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Study: Fracking can increase the risk of asthma four-fold
According to a US study, the risk of asthma near natural gas fracking facilities can be up to four times higher than under normal circumstances. The technology is associated with other health risks. The use of the method is being discussed in Germany and numerous other countries.
Fracking has been practiced in the USA for years, where a third of the total natural gas production now comes from this technology. The use of the method is also being discussed in Germany and numerous other countries. But there are big reservations about the technology. Studies have shown that fracking chemicals can get into the groundwater. And a study from the United States found last year that fracking could lead to more premature births and high-risk pregnancies. According to a recent study, this technique also increases the risk of asthma.
Increased asthma risk near fracking facilities
According to a US study, the risk of asthma near fracking facilities for natural gas production can be up to four times higher than under normal environmental conditions. This emerges from a scientific study recently published in the American Medical Association's journal JAMA Internal Medicine. The study reportedly relates to data that researchers gathered in Pennsylvania between 2005 and 2012. A total of over 35,000 asthma patients between the ages of five and 90 were considered. As part of their investigation, the scientists recorded the patient's place of residence as well as the location, size and extent of the nearby natural gas production. Then they compared the data with asthma patients who had no asthma attacks in the same year.
Health effects are worrying
It was shown that asthma attacks were "1.5 to 4 times higher" in patients living closer to a large number of natural gas wells or larger production facilities. As the study states, taking into account other factors that can trigger asthma, such as proximity to busy streets, family predisposition, or smoking, did not lead to a different result. "The growing number of studies showing the health impact of this industry is worrying," study author Brian S. Schwartz said in a statement from Johns Hopkins University (JHU).
Fracking boom in the United States
Senior scientist Sara G. Rasmussen of the Bloomberg School's Environmental Health Department at JHU said it was the first study of asthma related to fracking technology, but, "We now have several studies that look at health effects from the indicate unconventional production of natural gas ”. Now the exact causes would have to be determined "so that the industry could be made safer". The fracking industry in the United States has continued to grow in recent years. Pennsylvania has more than 6,000 holes. The question of air and water quality is therefore becoming increasingly important.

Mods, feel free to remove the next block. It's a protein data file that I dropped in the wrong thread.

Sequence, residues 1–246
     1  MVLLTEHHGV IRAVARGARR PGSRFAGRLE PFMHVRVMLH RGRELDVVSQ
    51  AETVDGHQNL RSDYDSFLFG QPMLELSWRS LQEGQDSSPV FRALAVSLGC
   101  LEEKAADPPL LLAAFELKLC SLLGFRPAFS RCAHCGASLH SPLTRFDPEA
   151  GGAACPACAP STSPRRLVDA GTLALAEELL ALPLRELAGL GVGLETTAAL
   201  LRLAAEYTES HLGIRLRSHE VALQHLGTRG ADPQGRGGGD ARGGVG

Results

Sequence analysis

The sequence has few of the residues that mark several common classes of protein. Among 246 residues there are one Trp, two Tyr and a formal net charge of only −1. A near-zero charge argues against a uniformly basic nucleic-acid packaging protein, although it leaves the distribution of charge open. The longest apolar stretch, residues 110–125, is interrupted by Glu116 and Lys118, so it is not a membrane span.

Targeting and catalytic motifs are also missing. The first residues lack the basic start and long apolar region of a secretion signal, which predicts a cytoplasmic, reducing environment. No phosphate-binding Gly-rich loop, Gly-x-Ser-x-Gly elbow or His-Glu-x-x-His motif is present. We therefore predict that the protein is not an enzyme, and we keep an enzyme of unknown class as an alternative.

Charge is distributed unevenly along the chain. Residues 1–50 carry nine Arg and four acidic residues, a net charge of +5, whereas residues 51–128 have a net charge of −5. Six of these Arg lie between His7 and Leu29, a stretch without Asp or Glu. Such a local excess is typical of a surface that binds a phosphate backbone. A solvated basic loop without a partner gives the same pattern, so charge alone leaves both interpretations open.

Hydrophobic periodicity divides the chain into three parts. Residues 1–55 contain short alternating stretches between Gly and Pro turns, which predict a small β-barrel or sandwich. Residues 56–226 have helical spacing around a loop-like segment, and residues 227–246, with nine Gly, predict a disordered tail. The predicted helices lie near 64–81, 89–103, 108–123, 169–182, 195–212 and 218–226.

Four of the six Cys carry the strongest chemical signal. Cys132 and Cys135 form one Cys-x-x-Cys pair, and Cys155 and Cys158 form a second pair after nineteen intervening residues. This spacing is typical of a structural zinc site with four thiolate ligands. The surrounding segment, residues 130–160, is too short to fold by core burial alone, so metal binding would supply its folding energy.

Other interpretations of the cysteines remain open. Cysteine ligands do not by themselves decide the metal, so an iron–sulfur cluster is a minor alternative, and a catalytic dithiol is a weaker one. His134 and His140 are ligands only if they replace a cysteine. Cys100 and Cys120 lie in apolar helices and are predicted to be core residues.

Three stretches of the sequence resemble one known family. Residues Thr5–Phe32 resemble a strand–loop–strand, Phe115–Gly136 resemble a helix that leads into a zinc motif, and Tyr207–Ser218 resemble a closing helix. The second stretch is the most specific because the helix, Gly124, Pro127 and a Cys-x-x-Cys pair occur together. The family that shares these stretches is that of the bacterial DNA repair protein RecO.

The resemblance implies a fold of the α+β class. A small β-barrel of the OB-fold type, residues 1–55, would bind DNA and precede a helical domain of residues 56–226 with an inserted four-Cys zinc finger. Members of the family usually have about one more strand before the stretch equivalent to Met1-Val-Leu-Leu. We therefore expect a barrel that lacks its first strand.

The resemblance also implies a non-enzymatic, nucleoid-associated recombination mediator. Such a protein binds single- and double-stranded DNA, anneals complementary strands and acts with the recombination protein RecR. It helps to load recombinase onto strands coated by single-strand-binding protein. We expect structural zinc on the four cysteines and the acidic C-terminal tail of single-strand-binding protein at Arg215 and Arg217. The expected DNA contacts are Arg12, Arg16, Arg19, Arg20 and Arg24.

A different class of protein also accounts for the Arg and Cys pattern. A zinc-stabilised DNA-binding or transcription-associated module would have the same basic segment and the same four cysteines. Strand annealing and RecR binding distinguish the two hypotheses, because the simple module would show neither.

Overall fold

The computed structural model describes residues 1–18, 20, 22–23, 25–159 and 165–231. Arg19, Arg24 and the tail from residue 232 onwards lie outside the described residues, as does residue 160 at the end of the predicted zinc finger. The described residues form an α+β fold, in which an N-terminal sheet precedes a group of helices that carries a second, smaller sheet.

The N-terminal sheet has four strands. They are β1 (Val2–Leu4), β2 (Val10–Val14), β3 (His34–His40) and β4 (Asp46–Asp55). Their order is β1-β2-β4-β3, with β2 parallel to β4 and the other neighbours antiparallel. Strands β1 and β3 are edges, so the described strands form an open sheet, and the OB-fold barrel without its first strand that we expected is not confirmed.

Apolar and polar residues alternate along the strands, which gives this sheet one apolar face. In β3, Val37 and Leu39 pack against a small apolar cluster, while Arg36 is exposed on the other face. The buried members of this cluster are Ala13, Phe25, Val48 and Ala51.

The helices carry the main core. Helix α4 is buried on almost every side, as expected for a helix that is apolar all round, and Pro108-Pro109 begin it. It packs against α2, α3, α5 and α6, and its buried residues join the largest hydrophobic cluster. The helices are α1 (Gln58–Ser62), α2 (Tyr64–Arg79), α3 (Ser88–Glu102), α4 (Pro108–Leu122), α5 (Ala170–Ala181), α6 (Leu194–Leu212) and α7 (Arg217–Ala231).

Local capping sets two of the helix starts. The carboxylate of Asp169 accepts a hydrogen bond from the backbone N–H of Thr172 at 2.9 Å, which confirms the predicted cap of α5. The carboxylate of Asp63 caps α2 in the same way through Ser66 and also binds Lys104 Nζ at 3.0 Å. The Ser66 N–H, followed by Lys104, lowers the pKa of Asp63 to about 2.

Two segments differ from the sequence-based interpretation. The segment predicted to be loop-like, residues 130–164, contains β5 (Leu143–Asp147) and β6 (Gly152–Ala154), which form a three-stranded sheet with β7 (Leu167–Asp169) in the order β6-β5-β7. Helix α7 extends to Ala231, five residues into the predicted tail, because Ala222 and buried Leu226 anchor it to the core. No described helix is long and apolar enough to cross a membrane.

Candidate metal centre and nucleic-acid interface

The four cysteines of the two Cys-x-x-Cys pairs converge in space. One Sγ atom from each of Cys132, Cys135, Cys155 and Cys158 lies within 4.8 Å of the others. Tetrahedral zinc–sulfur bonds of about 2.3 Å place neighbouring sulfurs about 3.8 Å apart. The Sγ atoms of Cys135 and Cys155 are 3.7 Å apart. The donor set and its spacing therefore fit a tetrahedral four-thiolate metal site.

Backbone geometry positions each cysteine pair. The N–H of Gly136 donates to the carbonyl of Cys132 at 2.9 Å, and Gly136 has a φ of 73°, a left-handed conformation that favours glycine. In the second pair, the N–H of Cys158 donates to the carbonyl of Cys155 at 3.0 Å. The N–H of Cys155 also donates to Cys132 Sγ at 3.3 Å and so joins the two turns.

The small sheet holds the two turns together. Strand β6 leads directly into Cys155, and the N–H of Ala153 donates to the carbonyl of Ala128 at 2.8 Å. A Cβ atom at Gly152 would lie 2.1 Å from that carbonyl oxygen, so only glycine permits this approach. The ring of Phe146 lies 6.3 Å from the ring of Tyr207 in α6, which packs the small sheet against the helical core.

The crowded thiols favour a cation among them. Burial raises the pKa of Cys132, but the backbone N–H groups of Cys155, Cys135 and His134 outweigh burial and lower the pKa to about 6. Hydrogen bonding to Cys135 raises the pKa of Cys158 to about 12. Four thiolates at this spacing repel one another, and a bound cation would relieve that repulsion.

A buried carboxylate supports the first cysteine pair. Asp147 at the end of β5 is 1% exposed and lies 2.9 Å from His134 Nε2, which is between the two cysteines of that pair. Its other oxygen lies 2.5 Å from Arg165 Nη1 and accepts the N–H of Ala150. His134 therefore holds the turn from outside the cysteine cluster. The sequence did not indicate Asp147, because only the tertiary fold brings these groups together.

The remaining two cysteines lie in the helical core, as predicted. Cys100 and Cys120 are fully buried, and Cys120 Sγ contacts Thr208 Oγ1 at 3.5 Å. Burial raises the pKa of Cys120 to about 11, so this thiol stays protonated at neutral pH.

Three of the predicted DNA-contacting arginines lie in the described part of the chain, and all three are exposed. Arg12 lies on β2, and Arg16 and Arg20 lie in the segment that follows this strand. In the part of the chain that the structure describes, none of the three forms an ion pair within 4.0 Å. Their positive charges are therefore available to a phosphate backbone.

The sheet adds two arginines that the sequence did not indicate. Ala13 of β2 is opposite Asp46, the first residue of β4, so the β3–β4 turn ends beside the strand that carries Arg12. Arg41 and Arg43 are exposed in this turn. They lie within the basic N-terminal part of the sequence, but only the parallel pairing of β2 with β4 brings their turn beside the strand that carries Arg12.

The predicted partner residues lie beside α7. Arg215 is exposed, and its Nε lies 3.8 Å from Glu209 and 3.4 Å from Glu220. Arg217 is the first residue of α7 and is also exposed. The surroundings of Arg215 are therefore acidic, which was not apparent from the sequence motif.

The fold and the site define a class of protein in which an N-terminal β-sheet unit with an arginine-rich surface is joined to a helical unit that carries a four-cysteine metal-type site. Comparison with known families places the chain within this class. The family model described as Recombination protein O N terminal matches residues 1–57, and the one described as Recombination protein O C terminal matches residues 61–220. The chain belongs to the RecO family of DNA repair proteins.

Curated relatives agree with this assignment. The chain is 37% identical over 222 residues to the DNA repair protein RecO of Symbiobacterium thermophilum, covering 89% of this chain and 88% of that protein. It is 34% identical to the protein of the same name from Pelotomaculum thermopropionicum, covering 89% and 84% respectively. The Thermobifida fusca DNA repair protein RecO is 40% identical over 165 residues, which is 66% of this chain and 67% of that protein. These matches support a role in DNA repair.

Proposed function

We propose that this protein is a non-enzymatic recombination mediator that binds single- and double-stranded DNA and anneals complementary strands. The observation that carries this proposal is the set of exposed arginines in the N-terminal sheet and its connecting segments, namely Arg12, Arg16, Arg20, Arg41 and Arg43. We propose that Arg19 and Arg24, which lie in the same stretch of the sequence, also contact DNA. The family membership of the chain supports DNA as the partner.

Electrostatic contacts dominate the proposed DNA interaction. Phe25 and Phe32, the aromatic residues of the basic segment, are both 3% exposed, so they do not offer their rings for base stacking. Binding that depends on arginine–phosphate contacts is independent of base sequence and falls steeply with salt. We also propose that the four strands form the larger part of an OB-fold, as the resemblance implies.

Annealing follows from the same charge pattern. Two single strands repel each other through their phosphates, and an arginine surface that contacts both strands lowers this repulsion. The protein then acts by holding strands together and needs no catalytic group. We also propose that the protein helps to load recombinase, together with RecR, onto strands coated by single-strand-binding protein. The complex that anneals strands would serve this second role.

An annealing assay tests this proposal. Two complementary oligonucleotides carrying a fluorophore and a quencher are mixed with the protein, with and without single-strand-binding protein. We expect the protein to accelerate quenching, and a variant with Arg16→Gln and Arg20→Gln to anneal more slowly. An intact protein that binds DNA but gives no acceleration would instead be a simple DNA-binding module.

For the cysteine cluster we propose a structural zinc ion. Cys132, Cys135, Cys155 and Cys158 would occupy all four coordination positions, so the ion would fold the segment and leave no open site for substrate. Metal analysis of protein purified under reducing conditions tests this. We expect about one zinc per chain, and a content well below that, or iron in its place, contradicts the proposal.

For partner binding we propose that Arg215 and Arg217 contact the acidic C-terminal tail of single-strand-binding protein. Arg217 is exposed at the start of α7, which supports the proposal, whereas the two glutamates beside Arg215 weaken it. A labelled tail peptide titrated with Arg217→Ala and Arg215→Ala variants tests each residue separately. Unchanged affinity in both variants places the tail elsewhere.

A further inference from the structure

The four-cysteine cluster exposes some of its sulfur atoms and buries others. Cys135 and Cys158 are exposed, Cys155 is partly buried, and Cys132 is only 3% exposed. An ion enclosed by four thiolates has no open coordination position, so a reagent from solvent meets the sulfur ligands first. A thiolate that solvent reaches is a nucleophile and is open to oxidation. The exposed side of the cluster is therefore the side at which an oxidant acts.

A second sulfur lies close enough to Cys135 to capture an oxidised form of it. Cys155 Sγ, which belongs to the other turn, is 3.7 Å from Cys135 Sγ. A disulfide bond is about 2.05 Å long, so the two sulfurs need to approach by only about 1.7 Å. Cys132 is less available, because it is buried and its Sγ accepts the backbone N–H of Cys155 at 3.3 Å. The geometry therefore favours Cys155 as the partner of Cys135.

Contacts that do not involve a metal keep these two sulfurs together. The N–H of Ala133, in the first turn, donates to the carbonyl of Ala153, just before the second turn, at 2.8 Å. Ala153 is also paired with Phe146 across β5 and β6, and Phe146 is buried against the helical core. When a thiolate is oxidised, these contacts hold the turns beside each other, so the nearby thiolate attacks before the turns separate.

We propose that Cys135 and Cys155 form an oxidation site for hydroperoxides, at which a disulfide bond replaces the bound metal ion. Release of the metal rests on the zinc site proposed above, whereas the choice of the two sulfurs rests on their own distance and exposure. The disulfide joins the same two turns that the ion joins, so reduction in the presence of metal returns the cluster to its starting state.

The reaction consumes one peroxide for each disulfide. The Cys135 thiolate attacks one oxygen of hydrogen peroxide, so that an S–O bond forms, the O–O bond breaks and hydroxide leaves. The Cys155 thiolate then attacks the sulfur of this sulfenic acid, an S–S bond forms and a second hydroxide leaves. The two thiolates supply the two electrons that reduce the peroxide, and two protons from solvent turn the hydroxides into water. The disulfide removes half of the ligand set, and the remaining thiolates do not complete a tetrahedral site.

Experts call for a total ban
It has long been known that factors such as air pollution, stress or sleep disorders can make asthma worse. These studies have also linked these three factors to the fracking industry. Fracking is used particularly in the USA to extract natural gas, but also oil, from rock layers from which the raw material cannot simply flow through a borehole. Rock is broken up at great depth under high hydraulic pressure, whereby a liquid mixture of water, sand and chemicals is usually first conducted through boreholes and pressed horizontally into the respective target layer. This creates cracks in the rock through which gas or oil can escape and then be carried to the surface through pipes through the borehole. With this technology it is possible to exploit otherwise unusable deposits of raw materials. In Germany there is considerable resistance to fracking due to the feared environmental consequences. The Federal Environment Agency (UBA) is demanding a legal regulation of the technology. Fracking should in principle be prohibited in water protection and medicinal spring protection areas as well as other sensitive areas. An extensive risk assessment should be carried out both before testing and before drilling. Nature conservation associations and many other experts are calling for a complete ban on technology. (ad)